Photo: A GD Pharma employee titrates mock-up cannabis oil into bottles. (ABC News: Chris Lockyer)
An Adelaide company is to become the first in South Australia to begin cannabis extractions and create market-ready products from a secret laboratory in the city.
GD Pharma has been importing cannabis components from overseas but under its new manufacturing licence it will be able to import the plants, extract the chemicals, and produce a range of experimental prescription products.
Chief executive Antony Condina said it meant they could control the concentration of cannabis to create tailor-made products for a wide range of clients.
Some 266 patients are approved to use medicinal cannabis Australia-wide.
He said the main hurdle to achieve the manufacturing license was the risk of cannabis being shifted into the black market, including risks of theft and being "held up".
"We had to demonstrate we've got processes on site, and one of those [is] we're not allowed to advertise the manufacture and storage of these compounds."
Media articles earlier this year cited the company's cannabis imports, which Mr Condina said resulted in members of the pubic visiting their Norwood labs to harass the staff and demand to see the plants.
GD Pharma's secret new factory will operate by the end of year and would take about one week to produce a batch of diluted resin that costs about $500 for a bottle.
Mr Condina said they were unlikely to draw a profit because red tape restricted doctors' ability to prescribe cannabis.
"At the moment we haven't seen that much demand," he said.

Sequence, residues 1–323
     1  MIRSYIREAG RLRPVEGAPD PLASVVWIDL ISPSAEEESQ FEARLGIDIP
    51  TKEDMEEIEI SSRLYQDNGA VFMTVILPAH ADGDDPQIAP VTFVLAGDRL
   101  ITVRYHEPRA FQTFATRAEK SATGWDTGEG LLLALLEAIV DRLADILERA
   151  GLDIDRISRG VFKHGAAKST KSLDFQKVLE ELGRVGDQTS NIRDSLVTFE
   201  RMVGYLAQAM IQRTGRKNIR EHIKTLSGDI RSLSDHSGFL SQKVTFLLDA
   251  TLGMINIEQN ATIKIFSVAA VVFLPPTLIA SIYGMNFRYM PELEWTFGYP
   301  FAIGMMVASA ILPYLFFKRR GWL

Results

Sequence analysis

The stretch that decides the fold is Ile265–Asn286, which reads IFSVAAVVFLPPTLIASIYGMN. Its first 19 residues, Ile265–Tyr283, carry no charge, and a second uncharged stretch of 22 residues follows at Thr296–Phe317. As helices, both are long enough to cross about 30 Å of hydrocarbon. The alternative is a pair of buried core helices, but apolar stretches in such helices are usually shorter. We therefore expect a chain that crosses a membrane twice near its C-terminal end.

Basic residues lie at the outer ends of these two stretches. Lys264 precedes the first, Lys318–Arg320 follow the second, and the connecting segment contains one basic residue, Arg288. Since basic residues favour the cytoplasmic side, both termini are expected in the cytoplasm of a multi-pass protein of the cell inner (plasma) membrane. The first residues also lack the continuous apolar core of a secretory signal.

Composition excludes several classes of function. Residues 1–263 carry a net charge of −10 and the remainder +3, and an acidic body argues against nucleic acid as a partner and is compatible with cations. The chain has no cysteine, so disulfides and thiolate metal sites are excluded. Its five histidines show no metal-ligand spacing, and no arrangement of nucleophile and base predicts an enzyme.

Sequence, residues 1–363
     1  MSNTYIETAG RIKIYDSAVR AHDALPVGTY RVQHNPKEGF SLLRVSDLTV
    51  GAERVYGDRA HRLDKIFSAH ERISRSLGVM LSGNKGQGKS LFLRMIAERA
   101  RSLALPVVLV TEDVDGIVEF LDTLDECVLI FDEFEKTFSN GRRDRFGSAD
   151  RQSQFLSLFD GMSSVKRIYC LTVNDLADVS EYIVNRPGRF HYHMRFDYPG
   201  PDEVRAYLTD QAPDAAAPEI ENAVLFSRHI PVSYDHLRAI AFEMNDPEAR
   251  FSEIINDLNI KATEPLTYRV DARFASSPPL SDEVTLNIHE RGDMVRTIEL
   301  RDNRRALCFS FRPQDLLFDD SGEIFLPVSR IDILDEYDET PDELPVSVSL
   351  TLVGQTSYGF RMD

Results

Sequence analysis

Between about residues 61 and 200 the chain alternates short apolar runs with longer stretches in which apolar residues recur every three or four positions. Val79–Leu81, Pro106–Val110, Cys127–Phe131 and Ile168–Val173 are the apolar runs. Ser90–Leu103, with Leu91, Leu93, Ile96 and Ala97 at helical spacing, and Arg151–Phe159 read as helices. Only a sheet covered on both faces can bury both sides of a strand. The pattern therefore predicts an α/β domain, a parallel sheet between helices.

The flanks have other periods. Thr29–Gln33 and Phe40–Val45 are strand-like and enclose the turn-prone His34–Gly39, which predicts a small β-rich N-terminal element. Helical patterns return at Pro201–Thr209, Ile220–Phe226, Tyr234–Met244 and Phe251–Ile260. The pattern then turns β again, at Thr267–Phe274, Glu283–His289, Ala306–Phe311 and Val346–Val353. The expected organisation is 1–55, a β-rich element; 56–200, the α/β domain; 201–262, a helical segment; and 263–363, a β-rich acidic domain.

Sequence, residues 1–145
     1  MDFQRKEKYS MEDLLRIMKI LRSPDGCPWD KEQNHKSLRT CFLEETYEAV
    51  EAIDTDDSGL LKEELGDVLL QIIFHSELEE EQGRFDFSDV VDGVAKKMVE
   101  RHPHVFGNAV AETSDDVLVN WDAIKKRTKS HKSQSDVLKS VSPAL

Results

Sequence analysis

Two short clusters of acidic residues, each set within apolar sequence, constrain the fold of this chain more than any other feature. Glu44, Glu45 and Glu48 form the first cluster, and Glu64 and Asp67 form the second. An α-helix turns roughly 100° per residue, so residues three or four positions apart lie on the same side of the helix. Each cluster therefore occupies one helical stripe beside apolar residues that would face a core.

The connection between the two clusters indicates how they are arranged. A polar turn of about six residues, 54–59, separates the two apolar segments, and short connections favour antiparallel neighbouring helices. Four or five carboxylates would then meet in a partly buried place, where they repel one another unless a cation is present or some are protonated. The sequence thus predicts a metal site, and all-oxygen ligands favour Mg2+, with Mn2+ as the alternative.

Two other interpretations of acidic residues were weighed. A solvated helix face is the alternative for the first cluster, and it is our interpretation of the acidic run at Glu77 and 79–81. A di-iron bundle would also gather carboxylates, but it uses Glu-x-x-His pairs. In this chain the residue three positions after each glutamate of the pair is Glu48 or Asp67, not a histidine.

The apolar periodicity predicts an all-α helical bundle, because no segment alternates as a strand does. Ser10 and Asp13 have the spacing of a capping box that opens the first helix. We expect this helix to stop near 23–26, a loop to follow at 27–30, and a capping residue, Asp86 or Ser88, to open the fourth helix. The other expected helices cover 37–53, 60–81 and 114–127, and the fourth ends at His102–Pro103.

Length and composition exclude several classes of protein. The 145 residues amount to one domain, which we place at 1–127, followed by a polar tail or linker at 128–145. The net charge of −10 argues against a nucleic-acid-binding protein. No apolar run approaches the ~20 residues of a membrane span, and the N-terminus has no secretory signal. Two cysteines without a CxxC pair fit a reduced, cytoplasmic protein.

"Last year it was estimated about 100,000 Australians would benefit from medicinal cannabis but, in reality, there's only been around 100 patients in 11 months who have been approved for products."
Proponents say there is evidence to suggest cannabis products can help with conditions like multiple sclerosis, severe intractable epilepsy in children, intractable nausea and vomiting due to chemotherapy.
Those opposing it, however, along with the Federal Department of Health, have cited a lack of quality research along with ongoing investigations and trials as the reason for restrictions.
Senior lecturer in medicine at Australian National University, Dr David Caldicott, said that only a few clinical trials had been published in English and not a single Australian university had a cannabis-related course.
He said this left doctors cautious about prescribing medication and pharmacists unable to offer counselling.
Dr Caldicott said many "vested interests" like those in the opioid industry were also hampering the industries growth.
"These [proponents] aren't a group of people that are free-loving hippies," he said.
"They're people with long-standing medical problems and the cannabis suits them better, not only in the way it works, but also the absence of side effects."
Dr Caldicott said people interested in its recreational purposes would not look to the pharmaceutical industry for a hit, because it was much easier to buy marijuana through illicit means, and illegal marijuana had a higher concentration of chemicals needed for to get "high".
"It's like saying we shouldn't be using morphine in patients because heroine is bad for you," he said.
Originally published here: http://www.abc.net.au/news/2017-10-05/adelaide-company-set-to-become-the-first-cannabis-extractor/9012684